[That this House calls on the Secretary of State for Transport, using powers vested in him by the Merchant Shipping Act 1970, to re-open the Wreck Commissioner's inquiry into the loss in 1980 of MV 'Derbyshire' to hear vital new scientific research on why that British-built, British-classed and British-flagged vessel sank without trace; notes that the research now with the Royal Institution of Naval Architects was carried out by the late Professor Richard Bishop, Vice Chancellor Brunel University and his partners, Professor Geraint Price and Pendari Temarel; further notes that their research indicates that the stresses in the hull of the 'Derbyshire' were grossly underestimated; believes this has important implications for the safety of other vessels still at sea; and notes the Wreck Commissioner's report into the loss of the 'Derbyshire' said last year that if the stresses in the hull of the ship had been underestimated, that could lead to different conclusions about the structural integrity of the ship.]
Is the right hon. and learned Gentleman aware that the new scientific evidence has been brought forward? Is he aware that there is widespread concern in the public domain about the fact that, 10 years ago, the families affected were treated shoddily? The Government have made no attempt to consider the new evidence recently produced.

Will the Leader of the House bring to the attention of the Secretary of State for Transport the need for a debate as soon as possible on the MV Derbyshire so that the House can hear the new available evidence?

I understand that the court of formal investigation into the loss of the MV Derbyshire reported as long ago as January 1989 and that no fresh evidence has been presented to the Department of Transport since then. My right hon. Friend will study the research material to which the hon. Gentleman referred once that becomes available to him. In the light of his examination, he will decide what steps may be appropriate.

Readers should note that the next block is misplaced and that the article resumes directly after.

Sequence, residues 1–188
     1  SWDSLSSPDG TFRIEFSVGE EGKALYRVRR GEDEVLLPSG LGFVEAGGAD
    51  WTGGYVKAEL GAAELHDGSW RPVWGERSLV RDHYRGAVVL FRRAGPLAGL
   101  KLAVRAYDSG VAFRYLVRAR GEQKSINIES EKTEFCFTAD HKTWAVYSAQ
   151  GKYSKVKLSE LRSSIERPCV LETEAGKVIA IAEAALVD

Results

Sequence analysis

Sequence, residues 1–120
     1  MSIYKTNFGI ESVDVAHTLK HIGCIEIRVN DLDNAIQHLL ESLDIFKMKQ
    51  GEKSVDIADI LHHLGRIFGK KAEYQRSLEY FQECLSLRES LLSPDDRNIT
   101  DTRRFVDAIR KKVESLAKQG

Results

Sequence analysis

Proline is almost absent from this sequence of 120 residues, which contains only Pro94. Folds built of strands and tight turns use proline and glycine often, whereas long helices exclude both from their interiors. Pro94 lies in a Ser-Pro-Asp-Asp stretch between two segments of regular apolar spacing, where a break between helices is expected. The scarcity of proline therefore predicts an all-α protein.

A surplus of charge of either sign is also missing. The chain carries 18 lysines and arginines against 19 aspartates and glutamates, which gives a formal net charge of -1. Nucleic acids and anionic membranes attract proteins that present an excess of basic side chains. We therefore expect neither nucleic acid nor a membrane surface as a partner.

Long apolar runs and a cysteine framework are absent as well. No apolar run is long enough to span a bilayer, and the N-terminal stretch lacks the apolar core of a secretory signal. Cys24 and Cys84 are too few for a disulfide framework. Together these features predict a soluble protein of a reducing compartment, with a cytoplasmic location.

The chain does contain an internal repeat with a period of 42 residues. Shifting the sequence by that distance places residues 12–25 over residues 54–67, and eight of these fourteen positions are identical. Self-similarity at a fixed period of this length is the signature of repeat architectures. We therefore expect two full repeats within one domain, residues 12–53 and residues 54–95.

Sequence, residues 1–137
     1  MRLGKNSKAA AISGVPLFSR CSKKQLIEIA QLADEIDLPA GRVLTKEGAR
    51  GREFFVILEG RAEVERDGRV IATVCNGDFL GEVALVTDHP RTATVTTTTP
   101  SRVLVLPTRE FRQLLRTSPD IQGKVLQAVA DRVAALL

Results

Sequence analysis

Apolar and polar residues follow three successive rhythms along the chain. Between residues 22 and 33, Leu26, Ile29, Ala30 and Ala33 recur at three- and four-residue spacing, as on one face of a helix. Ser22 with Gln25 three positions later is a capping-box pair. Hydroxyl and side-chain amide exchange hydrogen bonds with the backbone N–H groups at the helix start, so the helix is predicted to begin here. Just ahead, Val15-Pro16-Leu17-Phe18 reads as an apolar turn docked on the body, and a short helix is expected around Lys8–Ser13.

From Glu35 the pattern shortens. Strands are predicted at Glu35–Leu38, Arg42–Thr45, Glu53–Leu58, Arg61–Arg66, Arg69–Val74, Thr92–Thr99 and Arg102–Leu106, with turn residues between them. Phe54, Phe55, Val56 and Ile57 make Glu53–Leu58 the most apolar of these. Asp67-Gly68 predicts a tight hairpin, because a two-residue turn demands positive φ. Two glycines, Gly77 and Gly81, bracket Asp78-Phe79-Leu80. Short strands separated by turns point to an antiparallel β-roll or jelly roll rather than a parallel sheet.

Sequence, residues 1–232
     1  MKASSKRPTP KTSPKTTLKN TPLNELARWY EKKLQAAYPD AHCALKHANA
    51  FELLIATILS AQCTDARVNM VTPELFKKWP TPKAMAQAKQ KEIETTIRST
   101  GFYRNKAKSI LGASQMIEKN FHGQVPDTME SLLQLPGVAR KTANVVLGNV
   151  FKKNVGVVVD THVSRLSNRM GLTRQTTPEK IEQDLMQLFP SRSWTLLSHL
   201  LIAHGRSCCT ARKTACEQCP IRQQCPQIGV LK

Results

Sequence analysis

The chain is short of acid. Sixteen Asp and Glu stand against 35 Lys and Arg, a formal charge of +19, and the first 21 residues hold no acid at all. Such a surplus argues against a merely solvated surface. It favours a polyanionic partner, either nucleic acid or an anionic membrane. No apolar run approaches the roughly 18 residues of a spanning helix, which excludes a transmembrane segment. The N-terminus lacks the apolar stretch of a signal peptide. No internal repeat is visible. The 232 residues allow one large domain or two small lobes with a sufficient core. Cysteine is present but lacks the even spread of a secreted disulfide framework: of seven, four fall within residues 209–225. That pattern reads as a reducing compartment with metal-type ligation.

I am most grateful, Mr. Speaker, for the opportunity to speak in this place. You will recall that, last week, you said that those who were not called would be given the first opportunity to put questions to the Leader of the House today. Apparently, I am the last one on the Opposition Benches to put a question to the Leader of the House, and I accept that as some sort of compliment.

I may be short in stature, but I am not short in principle, I hope.

Will the Leader of the House arrange for a special debate next week on GEC-Ferranti of Edinburgh? Many of the employees are worried because they are losing their jobs. Such job losses may occur repeatedly throughout Britain, but it is important that we have a debate on this issue bearing in mind the fact that the favoured son of the Tory party, Lord Weinstock, has taken over Ferranti. Will the Government be quiet, or will they speak up to allow the Opposition to have a go at them? The issue at stake is 550 jobs—550 families. The people of Scotland are concerned. If this place means anything and enables us to challenge issues, the Government should allow the debate to take place. I suspect, however, that the Leader of the House will make some excuse for not having a debate.

As the hon. Gentleman knows, decisions of that nature are commercial ones for the company or companies concerned. No doubt my right hon. and learned Friend the Secretary of State for Scotland is aware of the issue to which he has drawn attention, but I cannot offer the prospect of a debate on it.

Is my right hon. and learned Friend aware that important discussions are taking place in the Department of Trade and Industry on a new regime connected with export credits? Is he aware that that is of considerable interest to a number of industrial firms in my constituency? Will my right hon. and learned Friend assure the House that, before any final decision is taken on such important, critical matters, it will have an opportunity to debate them?

I understand the continuing importance of export credit guarantee schemes. I cannot offer the certain prospect of a debate on the matter, but if my hon. Friend seeks to represent the views of the firms in his constituency I am sure that my right hon. Friend the Secretary of State will take them into account.

Bearing in mind today's remaining business, can my right hon. and learned Friend say whether he has had any suggestion from the hon. Member for Dunfermline, East (Mr. Brown) that he will seek an opportunity to come to the House to apologise for the appalling, unfounded statements he has made to the effect that the Government illegally assisted British Aerospace through changes in the taxation system that would have been wholly outside the law of the land?